Prenuptial agreement forms and divorce forms
If a couple is splitting amicably (or if they can at least agree on the terms of their separation and how their property is to be divided), using standard divorce forms can potentially save thousands of dollars in legal fees. As anyone who has needed to go to divorce court knows, hiring lawyers to handle the legal fallout of a failed marriage is an extremely expensive proposition.
You and your future partner can also use standard marriage forms to create agreements regarding property ownership before you tie the knot. Known as prenuptial agreements or prenuptial contracts, these forms allow each partner to catalog the assets he or she owned prior to the marriage and create an agreement as to how the property will be split if the marriage ends.
Commonly Encountered Marriage Forms and Divorce Forms
Some of the most frequently filed do-it-yourself marriage and divorce forms include:
- Uncontested divorce forms. An uncontested divorce is the fastest, easiest and least expensive way to get a divorce. Essentially, it is an agreement in which both parties confirm that the marriage cannot continue and the terms of its dissolution are spelled out. In most jurisdictions, you must have been separated for a specified period of time (usually six months or one year) before you can qualify for an uncontested divorce.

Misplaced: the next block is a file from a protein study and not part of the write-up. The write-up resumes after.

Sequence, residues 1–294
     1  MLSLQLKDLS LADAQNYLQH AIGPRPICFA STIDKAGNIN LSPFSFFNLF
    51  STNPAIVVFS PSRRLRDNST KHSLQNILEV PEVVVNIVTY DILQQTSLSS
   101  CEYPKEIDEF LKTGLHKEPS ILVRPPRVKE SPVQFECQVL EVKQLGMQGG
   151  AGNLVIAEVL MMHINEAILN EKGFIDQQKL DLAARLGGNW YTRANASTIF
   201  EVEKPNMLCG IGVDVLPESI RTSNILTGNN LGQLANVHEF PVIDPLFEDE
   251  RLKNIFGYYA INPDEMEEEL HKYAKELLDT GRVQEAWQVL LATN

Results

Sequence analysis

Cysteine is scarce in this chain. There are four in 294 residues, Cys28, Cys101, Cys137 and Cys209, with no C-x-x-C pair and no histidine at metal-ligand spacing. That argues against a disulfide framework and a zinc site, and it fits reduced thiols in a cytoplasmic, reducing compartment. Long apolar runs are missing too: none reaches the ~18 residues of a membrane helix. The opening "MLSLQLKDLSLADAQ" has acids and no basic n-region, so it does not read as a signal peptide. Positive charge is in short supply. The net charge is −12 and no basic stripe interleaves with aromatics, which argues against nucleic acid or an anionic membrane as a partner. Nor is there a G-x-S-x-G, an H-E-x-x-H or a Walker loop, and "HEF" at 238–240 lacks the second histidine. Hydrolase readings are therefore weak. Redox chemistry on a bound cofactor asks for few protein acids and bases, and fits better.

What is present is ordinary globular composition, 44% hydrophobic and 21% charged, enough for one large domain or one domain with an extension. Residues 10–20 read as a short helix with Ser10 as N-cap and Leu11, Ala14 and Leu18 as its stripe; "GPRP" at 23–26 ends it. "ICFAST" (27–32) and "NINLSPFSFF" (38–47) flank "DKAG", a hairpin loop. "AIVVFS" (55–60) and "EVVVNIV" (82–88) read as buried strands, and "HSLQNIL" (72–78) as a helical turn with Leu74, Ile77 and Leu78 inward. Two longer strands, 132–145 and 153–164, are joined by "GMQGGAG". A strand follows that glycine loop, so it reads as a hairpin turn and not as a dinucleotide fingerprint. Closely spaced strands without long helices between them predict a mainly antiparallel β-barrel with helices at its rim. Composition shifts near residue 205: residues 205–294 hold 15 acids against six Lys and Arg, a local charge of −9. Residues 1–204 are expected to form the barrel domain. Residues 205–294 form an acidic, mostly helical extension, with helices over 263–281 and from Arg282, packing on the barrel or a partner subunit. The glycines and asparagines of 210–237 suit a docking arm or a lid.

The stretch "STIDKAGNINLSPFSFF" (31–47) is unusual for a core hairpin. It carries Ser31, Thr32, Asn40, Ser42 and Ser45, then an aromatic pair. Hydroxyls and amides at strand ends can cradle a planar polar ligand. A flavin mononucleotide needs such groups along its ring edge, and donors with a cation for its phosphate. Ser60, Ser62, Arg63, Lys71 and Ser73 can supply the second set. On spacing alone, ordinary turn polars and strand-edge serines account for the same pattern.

- Prenuptial agreements. A prenuptial agreement is used when each partner in the marriage agrees to protect his or her private assets from the shared ownership laws that govern marriages.
- Separation agreements. To get a divorce, many states and provinces require you and your partner to formally separate for a period of time. This period officially begins when you file a separation agreement with your local court.
Using Divorce Forms Properly
Standard separation agreements and uncontested divorce forms are fairly straightforward and easy to understand, though you must ensure that you use templates that specifically apply to the country and state or province in which you live. Otherwise, they may not be legally recognized.
Prenuptial agreements are more complex, and it is advised that you get a lawyer to look over your form before you file it. While you will have to pay your lawyer for his or her input, the required investment pales in comparison to the amount of money you stand to lose if your prenuptial contract doesn't hold up in court.